The desire for entertainment is of course behind the hope that Rowett will at some stage see fit to unleash Kasey Palmer, who is a cut above anyone around him in terms of sheer ability. The starting XI will not be radically different from the one which won at Deepdale – more than likely, it will be exactly the same – but this time, they need to create a hell of a lot more than the two shots they managed on Easter Monday. And that’s where Palmer could come in handy. When you look at Derby’s season overall, it doesn’t take long to realise that turning just a handful of those 14 Ds into Ws is all it would have taken for us to be up their with Wolves. To do that, we needed just a few more goals – defensively, we’ve been as good as the four clubs above us, but offensively, they have all pulled away and scored more than the Rams.
So, does Rowett pick the team that ground out the 1-0 at Preston and hope that they can show a hell of a lot more threat going forward, or does he make a change, in the hope of giving us more attacking impetus? Probably not, based on his pre-match comments to BBC Radio Derby:-
“I’m not suggesting we’ve got to perform in a way that makes everyone feel good… we’ve got to go and win the game. We’re at the stage of the season where, yes, we’re in an entertainment industry, but I’ll choose the three points before the entertainment… that’s bells and whistles.”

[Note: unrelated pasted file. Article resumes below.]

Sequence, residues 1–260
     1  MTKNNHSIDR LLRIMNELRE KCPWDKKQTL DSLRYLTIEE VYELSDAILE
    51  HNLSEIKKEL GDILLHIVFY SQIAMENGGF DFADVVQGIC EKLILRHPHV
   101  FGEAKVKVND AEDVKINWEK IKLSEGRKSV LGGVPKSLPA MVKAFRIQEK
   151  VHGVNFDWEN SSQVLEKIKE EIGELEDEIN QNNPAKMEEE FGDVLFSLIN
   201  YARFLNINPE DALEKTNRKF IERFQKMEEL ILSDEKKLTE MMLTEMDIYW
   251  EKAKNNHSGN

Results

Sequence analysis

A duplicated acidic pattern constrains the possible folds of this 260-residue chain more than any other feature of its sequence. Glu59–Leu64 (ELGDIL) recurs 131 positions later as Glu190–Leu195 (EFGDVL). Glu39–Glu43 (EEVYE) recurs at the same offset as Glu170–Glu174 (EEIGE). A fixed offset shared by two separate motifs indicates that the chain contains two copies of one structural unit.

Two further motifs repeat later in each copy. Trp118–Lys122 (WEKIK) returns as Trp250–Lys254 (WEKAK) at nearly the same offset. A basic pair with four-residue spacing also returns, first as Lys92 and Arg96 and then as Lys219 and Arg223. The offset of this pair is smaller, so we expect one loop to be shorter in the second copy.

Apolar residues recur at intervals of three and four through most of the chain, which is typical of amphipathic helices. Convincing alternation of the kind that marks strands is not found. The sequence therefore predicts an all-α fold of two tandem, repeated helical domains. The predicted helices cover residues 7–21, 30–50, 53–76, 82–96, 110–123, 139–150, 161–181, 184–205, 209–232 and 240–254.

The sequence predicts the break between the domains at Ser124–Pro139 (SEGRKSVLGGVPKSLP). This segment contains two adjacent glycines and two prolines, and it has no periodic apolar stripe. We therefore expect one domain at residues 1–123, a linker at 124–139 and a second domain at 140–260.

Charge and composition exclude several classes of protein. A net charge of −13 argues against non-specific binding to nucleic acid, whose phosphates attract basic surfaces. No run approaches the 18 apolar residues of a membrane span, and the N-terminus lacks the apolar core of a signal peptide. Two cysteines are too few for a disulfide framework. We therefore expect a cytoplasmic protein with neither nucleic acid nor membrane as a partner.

Which is fine, as long as you get the three points. If the football is bad, but the results are good, the manager keeps his job. If the football is good, but the results are bad, eventually, the manager loses his job. Since February, the football has been mostly bad and the results have been mostly bad – a fatal combo, if it goes on for too long. But the margins are usually so fine. Mel Morris has quite rightly refrained from exercising his trigger finger and it’s still too soon for the season overall to be judged a success or a failure.
I said after Sunderland that any realistic prospect of this team being promoted to the Premier League was gone and I stand by that prediction – on paper, you can’t really look past the top four for the three who are going up. But even if I’m right, it doesn’t change the fact that it should be a point of pride for the club to finish the season as strongly as possible – to fight off the teams below, finish in the top six and give the best possible account of themselves in the play-offs (almost certainly against Fulham or Villa). If that takes us to a Wembley final, then what an amazing achievement that would be after yet another season which has not exactly been the smoothest of rides.
A play-off finish and a competitive post-season performance would be enough for all of us to look forward to next season with renewed optimism. In time, we could even come to see the Sunderland game as a watershed moment, after which the club was able to face some hard realities, make some tough decisions and finally move on from an era overshadowed by Wembley 2014. The home fans have endured some crap lately and deserve better – but without a doubt, all but the very youngest among us have seen a lot worse in the past.
Rowett grasped the nettle and made changes on Monday. Whatever happens next, many more changes are coming in the summer. Whoever plays between now and May needs to earn the right to remain a part of it come August.